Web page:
45. 45
    Uwe Hornung says:

    I don’t think Ian would have ever become a full-fledged member of The Who, but he would have been handsomely paid and it would have looked good on his CV. Keith died September 1978, Kenney joined already in November 1978, Little Ian joined WS in August 1979, i.e. about a year later, Townshend declared his departure from The Who in December 1983 – timewise it would have all slotted in nicely with the Purple reunion and Ian would have been even wealthier at the start of it!

    Paicey actually auditioned with The Who, that must have been in the fall of 1978 then. I’d love to hear a tape from that. I believe it would have been explosive – after all, Little Ian had experience pairing up with bassists straining at the leash —-> Glenn H !!!

  46. 46
    MacGregor says:

    Thanks for The Sweet live clip with Blackmore jamming, nice to hear. I do remember Blackmore paying tribute to s couple of The Sweet guys when they passed away. Regarding the Queen & The Sweet vocal comparisons I will check that out of curiosity. I knew that May & Taylor were more into those backing vocal layering things & Taylor did that really high falsetto over the top singing from my memory. Regarding Ian Paice in The Who yes I do remember you saying he actually rehearsed with them, or auditioned. At least he would have been looked after better as you said & musically he would have enjoyed that I think. I use to own Face Dances & still like a few songs on that one, the following album It’s Hard was a little bland though. Townshend was pouring all his ideas into that masterpiece solo record at that time., All The Best Cowboys Have Chinese Eyes.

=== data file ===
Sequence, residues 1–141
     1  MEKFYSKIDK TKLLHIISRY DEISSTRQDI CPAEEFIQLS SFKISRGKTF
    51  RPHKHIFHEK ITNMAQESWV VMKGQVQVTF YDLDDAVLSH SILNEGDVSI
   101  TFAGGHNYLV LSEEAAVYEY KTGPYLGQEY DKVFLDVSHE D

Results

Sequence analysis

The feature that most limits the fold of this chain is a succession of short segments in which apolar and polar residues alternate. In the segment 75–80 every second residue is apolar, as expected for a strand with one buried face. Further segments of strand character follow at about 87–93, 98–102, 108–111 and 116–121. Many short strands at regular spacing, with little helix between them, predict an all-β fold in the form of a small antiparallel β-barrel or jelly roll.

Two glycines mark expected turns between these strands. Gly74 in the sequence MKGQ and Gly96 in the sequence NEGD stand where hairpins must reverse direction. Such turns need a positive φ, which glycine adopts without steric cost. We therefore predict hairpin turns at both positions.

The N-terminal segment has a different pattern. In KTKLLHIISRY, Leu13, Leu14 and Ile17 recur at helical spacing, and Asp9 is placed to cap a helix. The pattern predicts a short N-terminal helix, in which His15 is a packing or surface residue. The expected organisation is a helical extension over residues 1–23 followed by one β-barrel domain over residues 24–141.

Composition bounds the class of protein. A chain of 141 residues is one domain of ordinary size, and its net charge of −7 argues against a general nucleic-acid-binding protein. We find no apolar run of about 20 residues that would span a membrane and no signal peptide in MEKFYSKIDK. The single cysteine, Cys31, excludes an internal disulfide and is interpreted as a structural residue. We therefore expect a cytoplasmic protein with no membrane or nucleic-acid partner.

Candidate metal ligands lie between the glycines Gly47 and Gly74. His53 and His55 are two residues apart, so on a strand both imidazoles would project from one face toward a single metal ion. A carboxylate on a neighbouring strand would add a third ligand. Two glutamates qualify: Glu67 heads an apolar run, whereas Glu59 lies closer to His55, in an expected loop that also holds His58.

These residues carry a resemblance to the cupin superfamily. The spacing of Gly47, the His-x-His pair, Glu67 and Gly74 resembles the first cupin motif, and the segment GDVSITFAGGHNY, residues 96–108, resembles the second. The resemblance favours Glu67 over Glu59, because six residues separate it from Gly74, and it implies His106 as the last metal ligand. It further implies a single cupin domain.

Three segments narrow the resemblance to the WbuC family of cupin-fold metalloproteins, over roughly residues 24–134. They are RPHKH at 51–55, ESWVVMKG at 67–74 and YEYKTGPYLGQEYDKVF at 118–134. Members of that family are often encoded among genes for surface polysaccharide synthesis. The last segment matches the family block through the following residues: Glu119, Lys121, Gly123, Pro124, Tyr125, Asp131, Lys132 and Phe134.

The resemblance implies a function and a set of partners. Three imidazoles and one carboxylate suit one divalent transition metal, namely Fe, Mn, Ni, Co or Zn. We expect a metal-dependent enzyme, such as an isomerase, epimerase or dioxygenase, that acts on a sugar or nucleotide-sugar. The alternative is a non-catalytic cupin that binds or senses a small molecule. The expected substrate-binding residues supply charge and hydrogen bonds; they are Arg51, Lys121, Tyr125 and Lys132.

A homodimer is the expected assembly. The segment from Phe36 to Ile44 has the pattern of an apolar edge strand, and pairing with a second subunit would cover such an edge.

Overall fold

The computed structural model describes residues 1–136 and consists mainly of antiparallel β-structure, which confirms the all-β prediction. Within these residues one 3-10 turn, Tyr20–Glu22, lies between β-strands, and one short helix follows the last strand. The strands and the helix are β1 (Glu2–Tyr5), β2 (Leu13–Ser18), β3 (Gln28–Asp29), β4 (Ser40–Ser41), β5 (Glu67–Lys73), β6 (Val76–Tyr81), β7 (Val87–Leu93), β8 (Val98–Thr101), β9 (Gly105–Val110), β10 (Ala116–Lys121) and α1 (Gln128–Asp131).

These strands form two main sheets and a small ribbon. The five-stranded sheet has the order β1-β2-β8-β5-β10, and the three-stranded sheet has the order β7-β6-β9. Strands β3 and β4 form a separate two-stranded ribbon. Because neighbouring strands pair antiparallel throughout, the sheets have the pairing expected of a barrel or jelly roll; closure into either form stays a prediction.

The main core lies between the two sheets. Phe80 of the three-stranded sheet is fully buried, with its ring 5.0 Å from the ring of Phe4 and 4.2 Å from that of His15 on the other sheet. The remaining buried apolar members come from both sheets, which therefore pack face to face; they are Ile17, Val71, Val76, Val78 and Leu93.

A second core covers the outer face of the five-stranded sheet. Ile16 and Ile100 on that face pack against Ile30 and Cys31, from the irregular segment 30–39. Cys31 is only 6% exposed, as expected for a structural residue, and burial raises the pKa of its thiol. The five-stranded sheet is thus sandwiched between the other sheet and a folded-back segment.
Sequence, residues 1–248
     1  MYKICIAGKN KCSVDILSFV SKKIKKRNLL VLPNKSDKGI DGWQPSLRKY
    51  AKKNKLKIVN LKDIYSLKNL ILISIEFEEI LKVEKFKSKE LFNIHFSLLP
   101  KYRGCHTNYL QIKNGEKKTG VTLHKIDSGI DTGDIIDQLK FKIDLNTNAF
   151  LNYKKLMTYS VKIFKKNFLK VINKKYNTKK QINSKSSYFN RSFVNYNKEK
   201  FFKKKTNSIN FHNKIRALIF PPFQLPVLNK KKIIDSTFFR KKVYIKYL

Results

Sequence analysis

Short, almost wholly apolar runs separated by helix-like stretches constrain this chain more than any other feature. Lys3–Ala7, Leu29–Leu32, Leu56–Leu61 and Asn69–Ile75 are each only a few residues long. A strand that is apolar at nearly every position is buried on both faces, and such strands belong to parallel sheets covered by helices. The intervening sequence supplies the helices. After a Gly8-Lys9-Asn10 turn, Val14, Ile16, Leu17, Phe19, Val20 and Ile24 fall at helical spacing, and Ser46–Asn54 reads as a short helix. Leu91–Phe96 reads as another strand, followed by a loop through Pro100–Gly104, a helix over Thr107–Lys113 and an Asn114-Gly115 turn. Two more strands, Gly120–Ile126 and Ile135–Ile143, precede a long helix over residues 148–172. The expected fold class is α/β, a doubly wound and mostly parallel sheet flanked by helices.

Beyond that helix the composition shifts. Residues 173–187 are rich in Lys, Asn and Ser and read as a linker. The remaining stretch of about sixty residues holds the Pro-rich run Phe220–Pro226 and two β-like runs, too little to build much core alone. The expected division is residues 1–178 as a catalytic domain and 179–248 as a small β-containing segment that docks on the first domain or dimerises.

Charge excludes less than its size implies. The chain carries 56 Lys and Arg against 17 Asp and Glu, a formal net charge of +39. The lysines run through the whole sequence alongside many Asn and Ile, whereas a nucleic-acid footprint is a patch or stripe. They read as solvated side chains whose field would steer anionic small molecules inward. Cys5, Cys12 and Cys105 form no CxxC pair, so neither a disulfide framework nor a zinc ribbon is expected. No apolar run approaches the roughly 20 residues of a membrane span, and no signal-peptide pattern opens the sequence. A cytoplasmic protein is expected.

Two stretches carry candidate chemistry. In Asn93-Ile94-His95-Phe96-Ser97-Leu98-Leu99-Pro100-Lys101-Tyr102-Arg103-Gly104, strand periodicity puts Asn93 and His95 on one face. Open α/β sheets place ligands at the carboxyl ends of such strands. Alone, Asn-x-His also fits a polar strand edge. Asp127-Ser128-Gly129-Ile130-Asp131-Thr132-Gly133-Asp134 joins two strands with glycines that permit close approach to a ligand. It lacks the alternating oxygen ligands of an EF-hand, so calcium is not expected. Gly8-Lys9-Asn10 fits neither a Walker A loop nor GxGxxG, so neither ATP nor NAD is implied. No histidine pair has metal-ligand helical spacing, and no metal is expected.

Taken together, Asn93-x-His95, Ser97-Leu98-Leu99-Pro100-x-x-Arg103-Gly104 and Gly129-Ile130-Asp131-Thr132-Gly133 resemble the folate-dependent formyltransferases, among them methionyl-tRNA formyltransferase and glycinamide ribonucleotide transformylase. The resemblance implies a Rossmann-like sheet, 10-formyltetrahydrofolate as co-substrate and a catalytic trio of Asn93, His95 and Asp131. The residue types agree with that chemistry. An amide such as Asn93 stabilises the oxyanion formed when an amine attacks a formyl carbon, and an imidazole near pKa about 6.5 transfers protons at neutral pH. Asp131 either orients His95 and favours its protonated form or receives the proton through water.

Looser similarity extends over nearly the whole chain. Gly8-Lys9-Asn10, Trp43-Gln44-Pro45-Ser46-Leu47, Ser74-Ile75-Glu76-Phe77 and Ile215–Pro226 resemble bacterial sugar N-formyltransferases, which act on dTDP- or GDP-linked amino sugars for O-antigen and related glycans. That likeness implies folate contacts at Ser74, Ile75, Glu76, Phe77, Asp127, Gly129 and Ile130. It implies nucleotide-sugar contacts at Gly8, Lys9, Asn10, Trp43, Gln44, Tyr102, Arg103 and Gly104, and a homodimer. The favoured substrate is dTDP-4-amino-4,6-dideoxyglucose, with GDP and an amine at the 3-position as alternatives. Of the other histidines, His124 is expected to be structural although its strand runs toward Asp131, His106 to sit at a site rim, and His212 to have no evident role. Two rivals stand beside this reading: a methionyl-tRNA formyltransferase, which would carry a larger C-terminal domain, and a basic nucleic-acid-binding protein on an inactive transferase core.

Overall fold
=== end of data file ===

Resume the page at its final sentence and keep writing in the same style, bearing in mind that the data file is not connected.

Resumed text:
Trying to get into that Who groove for want of a better description. I think it was Simon Philips who said it was difficult at times & he was only there for a ‘one off’ Tommy tour in 1989. I had that concert on VHS back then & it is a good gig. He was a temporary fill in at that time as he had worked with Townshend in the mid 80’s. When I heard Zak Starkey I thought he was a good choice & as he grew up with that Keith Moon influence he had those fills worked out rather well. Cheers.

  47. 47
    Uwe Hornung says:

    Re Wainwright‘s Gentlemen, look what I found from pre-Brian Connolly days, I believe the then singer needs no real introduction here on these pages:


    Only heard this today for the very first time, I didn‘t even know he had actually recorded with them.

  48. 48
    sidroman says:

    As a huge Who fan, I never knew that Ian Paice actually auditioned. I heard that both him and Cozy Powell were considered as replacements. Phil Collins said when Moon died that he called Townshend up and offered his services, I also saw a Youtube video where Carmine Appice said he was offered the job as well. I don’t really believe Carmine, he has a habit of taking credit for too many things in interviews that I’ve seen of him.

  49. 49
    MacGregor says:

    The Sweet vocals & melodies being similar to what Queen ended up doing on certain songs is something I have never noticed before. I remember The Sweet from the 1970’s with their known hits & also being played to death at parties etc. But not having listened for so many decades & here I am now hearing that similarity or ‘rip off’ for the first time. A bit strange because I noticed & liked Queen around 1975 with Sheer Heart Attack & fell for them big time for a couple of years.. A bit surreal in some aspects. Here is a quick interview with Andy Scott about it. Also a Classic Rock article from 2017 that I don’t recall ever noticing before. Thanks for ruining my teenage musical years Uwe, ha ha ha. Just joking. Cheers.